Le Saunier De Camargue Fleur De Sel Sea Salt is a treasure trove of salt workers of Camargue. It is the seasoning of choice to sublimate all sorts of dishes, from simple to more refined. La Saunier De Camargue's Fleur de Sel Sea Salt's small crystals are so special and handpicked, providing a crisp and a long finish for a set of subtle flavors. Discover this unique, delicate and crunchy Sea Salt. It results from a short-lived crystallization on the surface of the water. La Saunier De Camargue's Fleur de Sel Sea Salt is the product of the combination of the minstral, sea and sun. It is an exceptional salt that has been harvested by hand for 2,000 years.
La Saunier De Camargue's Fleur de Sel Sea Salt has always been an essential ingredient in Mediterranean cuisine. Since ancient times, the harvesting of Camargue salt has allowed the wild expanse to be protected and the biodiversity of the Algues-Mortes salt works to be preserved.
About Le Saunier De Camargue
The salt-vocation of Aigues-Mortes goes back to antiquity (IV BC). Peccius, Roman engineer, was asked at the beginning of the Christian era, to organize the production of salt. At the end of the 12th century, seventeen small saline were used in the enclosure of Peccais. They belonged to various owners who, after severe floods of 1842, joined in a negotiating basis for Montpellier in 1856, the Salin d'Aigues-Mortes as we know it today. The Salin covers a length of 18 kilometers from north to south and 13 kilometers wide from east to west. Over 340 kilometers of roads and paths crisscross in all directions thousands of hectares, an area surrounding the city of Paris. The name comes from Aigues-Mortes marshes and ponds that stretched around the town: Aquae Mortuae (1248 in Latin, Occitan Aigas bog-oak), which means stagnant waters, that is to say stagnant.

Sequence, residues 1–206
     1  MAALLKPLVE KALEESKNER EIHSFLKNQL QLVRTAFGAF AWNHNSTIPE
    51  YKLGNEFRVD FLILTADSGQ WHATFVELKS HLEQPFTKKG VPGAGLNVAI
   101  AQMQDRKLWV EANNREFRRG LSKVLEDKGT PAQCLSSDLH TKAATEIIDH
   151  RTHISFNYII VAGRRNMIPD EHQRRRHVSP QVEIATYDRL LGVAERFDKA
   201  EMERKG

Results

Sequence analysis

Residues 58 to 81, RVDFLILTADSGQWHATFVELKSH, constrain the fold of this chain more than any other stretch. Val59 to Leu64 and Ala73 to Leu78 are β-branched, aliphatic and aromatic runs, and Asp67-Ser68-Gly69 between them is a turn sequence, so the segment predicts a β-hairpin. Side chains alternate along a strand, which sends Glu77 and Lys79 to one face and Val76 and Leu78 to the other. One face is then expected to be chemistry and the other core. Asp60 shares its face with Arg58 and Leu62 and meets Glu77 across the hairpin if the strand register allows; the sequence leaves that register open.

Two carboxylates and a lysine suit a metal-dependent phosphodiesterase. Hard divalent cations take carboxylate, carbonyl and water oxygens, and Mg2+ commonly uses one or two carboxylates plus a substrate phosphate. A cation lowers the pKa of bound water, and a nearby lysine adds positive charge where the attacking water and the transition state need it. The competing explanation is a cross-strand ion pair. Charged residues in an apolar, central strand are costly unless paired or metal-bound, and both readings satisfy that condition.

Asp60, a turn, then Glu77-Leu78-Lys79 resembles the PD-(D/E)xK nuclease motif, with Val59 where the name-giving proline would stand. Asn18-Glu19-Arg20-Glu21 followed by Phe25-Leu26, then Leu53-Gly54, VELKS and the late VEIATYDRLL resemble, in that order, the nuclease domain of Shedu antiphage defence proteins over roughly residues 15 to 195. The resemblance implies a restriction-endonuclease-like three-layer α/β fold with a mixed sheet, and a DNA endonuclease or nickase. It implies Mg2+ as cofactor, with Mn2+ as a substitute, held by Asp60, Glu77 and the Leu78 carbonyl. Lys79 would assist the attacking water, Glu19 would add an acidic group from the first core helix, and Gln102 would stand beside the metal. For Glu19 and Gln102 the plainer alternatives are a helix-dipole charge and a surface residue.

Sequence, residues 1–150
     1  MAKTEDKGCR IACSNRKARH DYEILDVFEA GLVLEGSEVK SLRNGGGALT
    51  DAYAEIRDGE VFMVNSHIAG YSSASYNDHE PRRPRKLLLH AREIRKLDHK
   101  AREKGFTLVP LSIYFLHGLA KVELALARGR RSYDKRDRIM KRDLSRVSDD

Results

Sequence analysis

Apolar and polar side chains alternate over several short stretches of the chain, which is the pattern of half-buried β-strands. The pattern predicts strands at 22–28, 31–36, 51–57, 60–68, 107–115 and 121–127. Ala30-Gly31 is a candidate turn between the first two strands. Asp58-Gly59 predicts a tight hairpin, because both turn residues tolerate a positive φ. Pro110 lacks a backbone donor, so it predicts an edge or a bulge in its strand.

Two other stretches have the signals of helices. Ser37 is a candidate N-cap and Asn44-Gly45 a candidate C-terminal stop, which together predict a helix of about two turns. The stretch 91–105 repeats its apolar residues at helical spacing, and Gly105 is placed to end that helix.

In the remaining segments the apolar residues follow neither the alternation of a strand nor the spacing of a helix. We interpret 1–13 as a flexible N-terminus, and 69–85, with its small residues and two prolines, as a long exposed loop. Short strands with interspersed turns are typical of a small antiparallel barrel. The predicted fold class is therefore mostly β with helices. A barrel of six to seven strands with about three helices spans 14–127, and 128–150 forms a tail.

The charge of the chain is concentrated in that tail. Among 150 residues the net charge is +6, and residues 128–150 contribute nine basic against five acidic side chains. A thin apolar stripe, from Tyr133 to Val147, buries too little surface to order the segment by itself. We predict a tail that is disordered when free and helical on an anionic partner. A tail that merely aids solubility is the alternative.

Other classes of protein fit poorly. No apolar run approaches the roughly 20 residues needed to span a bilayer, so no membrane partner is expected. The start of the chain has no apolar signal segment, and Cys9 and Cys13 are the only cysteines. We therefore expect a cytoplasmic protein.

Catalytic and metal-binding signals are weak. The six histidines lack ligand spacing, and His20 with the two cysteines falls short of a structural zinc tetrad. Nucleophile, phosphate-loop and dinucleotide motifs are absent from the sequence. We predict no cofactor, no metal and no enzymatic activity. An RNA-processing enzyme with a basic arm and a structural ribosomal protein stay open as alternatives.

Operation of Selin:
- Impoundment of Salin: In early spring dusting (farmer of the sea) carries impoundment basins, through a canal linking the site directly to the sea.
Concentration: Through her work to the irrigation water and salt tables under the effect of sun and wind, the salt maker gets a near-total evaporation of sea water, leaving a saturated salt water more commonly called "brine".
From April to September, due to evaporation, the brine salting tables sips crystallize to form a "salt cake" with a thickness of 9 cm average.
- Harvesting: In the Salin d'Aigues-Mortes, one can collect a wide variety of salts. Indeed, this is due to the size of Saline: depending on their location, the various salt tables have a salt content greater or lesser extent. Thus, on the same Salin, different types of salts: one can collect rock salt, table salt and even the Fleur de Sel.
It is a unique and specific harvesting: the harvesting of Fleur de Sel. Recognized for many years as the excellence of salt, sea salt is a gustatory treasure now accessible to all.
This harvest is very special. In summer, when the wind stops blowing, millions of salt crystals form on the surface of the water to give birth to the Fleur de Sel de Camargue.
Traditionally and until recently, its use was the privilege of salt workers and owners of Salins. In respect for tradition, it is still today harvested by hand. Crystals composed of slightly moist, the granularity and the flavor so special, the Fleur de Sel de Camargue slowly melts under the tongue and gently brings out the flavor of the dish it accompanies.